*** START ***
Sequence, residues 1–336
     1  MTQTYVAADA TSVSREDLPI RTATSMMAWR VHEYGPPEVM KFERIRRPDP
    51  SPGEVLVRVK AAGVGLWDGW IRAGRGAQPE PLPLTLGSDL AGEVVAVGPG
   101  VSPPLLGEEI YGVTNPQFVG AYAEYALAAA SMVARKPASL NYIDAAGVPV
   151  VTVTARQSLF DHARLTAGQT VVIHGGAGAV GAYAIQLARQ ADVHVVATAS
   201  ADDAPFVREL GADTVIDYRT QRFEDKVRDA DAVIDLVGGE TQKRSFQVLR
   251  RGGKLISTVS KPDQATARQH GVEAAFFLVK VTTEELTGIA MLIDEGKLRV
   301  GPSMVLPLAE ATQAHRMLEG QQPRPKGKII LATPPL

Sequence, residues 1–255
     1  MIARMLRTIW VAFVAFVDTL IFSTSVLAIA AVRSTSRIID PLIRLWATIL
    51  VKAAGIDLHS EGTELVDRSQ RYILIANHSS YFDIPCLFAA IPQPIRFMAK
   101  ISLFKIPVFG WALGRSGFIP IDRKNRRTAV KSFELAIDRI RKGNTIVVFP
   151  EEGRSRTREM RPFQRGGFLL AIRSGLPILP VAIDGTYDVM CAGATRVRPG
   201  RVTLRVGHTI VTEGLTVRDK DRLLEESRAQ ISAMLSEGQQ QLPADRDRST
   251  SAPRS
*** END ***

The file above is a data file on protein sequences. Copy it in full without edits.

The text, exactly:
Sequence, residues 1–336
     1  MTQTYVAADA TSVSREDLPI RTATSMMAWR VHEYGPPEVM KFERIRRPDP
    51  SPGEVLVRVK AAGVGLWDGW IRAGRGAQPE PLPLTLGSDL AGEVVAVGPG
   101  VSPPLLGEEI YGVTNPQFVG AYAEYALAAA SMVARKPASL NYIDAAGVPV
   151  VTVTARQSLF DHARLTAGQT VVIHGGAGAV GAYAIQLARQ ADVHVVATAS
   201  ADDAPFVREL GADTVIDYRT QRFEDKVRDA DAVIDLVGGE TQKRSFQVLR
   251  RGGKLISTVS KPDQATARQH GVEAAFFLVK VTTEELTGIA MLIDEGKLRV
   301  GPSMVLPLAE ATQAHRMLEG QQPRPKGKII LATPPL

Sequence, residues 1–255
     1  MIARMLRTIW VAFVAFVDTL IFSTSVLAIA AVRSTSRIID PLIRLWATIL
    51  VKAAGIDLHS EGTELVDRSQ RYILIANHSS YFDIPCLFAA IPQPIRFMAK
   101  ISLFKIPVFG WALGRSGFIP IDRKNRRTAV KSFELAIDRI RKGNTIVVFP
   151  EEGRSRTREM RPFQRGGFLL AIRSGLPILP VAIDGTYDVM CAGATRVRPG
   201  RVTLRVGHTI VTEGLTVRDK DRLLEESRAQ ISAMLSEGQQ QLPADRDRST
   251  SAPRS